Radio station promotions: The good, the bad and the completely unexpected


From the Wheelie Bin of Fortune to Shoot the Celebrity in the Arse, Australian radio has never been short of creative stunts and promotional campaigns.

On a recent episode of the Pilots of the Airwaves podcast, legendary former 2SM Breakfast announcer Ian MacRae recalled the famous stunt in which he promised to put a ‘jumbo’ under the Sydney Harbour Bridge.

Expecting to see a 747 jet, thousands of onlookers gathered around the harbour that morning for a squiz.

The ‘jumbo’ turned out to be an elephant on a barge.

“The idea was first mentioned at a jocks’ meeting. It was up to me to pick it up from there and make it work,” says MacRae.

“We knew initially that people were going to be a little bit suspicious.”

To make it seem authentic, the brekky show put in a call to the Boeing factory in the US.

“We spoke to one of their designers,” says MacRae. “He was in on the joke, of course, and he said ‘Oh yeah. You probably COULD fly a 747 under the Harbour Bridge. You might just clip the Pinchgut Fort on the way up.”

A competition was held and six people were invited to ride on the jumbo, unaware it was of the animal variety.

“One lady had gone out and bought a new outfit for this big occasion,” MacRae remembers. “She was a bit upset about sitting on the back of an elephant.”

Sometimes the most compelling radio stunts come straight out of left field, as Annwen Burrows can attest.

During her days as an announcer at Dubbo’s Zoo FM, Annwen was strapped to the bonnet of a car and driven through a solid wall, that just happened to be on fire.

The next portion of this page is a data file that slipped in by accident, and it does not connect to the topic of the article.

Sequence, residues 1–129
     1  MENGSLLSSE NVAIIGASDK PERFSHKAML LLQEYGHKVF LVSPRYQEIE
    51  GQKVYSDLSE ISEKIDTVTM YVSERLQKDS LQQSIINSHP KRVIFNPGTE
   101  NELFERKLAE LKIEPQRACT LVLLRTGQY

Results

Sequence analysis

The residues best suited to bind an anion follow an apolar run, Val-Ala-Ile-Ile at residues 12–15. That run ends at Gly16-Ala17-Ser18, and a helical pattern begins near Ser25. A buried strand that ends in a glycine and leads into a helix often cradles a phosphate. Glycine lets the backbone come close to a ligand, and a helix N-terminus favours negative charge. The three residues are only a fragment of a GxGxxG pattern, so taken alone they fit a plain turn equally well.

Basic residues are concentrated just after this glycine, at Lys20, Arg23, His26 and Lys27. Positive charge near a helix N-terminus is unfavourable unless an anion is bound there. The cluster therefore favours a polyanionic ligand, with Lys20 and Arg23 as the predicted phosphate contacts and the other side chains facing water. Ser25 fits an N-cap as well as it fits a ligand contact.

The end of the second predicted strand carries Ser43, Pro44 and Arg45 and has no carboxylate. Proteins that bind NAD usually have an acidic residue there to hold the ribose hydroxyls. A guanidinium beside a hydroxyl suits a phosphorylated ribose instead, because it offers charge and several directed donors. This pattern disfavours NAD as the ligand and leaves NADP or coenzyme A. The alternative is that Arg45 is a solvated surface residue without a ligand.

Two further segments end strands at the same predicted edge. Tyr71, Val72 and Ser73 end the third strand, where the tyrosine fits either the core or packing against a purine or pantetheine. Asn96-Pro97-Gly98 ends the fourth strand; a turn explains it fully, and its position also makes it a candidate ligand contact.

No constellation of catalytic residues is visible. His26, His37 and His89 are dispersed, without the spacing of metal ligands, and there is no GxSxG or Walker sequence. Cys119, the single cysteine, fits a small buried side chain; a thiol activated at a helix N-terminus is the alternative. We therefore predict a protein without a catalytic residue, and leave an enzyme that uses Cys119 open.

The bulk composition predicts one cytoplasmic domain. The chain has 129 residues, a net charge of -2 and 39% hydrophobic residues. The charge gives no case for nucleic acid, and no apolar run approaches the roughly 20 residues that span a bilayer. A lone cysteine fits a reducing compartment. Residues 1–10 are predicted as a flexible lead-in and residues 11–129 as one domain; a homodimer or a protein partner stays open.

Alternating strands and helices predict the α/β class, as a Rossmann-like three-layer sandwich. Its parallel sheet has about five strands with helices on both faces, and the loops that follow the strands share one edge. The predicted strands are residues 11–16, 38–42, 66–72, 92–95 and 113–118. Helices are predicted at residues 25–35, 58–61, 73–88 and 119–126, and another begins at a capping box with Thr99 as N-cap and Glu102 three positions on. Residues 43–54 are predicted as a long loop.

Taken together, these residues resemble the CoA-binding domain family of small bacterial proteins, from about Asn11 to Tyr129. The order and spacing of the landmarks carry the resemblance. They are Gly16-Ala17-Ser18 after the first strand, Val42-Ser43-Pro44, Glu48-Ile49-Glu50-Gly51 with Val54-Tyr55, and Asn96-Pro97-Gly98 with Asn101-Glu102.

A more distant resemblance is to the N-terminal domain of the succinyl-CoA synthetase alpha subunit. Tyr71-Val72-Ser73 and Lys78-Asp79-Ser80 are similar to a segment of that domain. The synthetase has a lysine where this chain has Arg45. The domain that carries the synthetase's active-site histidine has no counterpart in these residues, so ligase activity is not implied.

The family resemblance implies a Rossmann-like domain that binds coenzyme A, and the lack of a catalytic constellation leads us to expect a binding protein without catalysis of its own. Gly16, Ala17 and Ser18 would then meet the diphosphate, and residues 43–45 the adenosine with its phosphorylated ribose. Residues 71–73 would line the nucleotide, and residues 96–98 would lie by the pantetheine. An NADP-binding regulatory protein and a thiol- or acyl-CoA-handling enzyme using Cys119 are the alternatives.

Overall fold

“I had no idea it was happening until on the day,” Annwen tells Radio Today. “My co-host set it up. He’s a delight.”

Globally, there have been some brilliant (and not so brilliant) radio promotions over recent decades, and they don’t always go according to plan. Here’s just a sample of radio promotions from around the world … the good, the bad … and the totally unexpected:


New Zealand: Life on the Ledge

It’s not unusual for radio station promotions to end up going rogue, but this one in particular takes the cake for the sheer pigheaded determination of its contestants.

Life on the Ledge was a New Zealand radio competition in the late 90s in which contestants had to live on a small wooden platform underneath a billboard in downtown Auckland.

The last person standing would take home $20,000 – which back then was well over half the average yearly salary.

10 New Zealanders put up their hands.

The contest was expected to last a few weeks, tops.

But six months later, some of the contestants were still there.

They were cold, they were bored and they’d been battered by the elements, yet still they hung on grimly, determined to claim the cashola.

By then, the media buzz had died down, public interest in the promotion was waning and boredom had set in.

One contestant described the collective mood as “a progressive decline towards insanity.”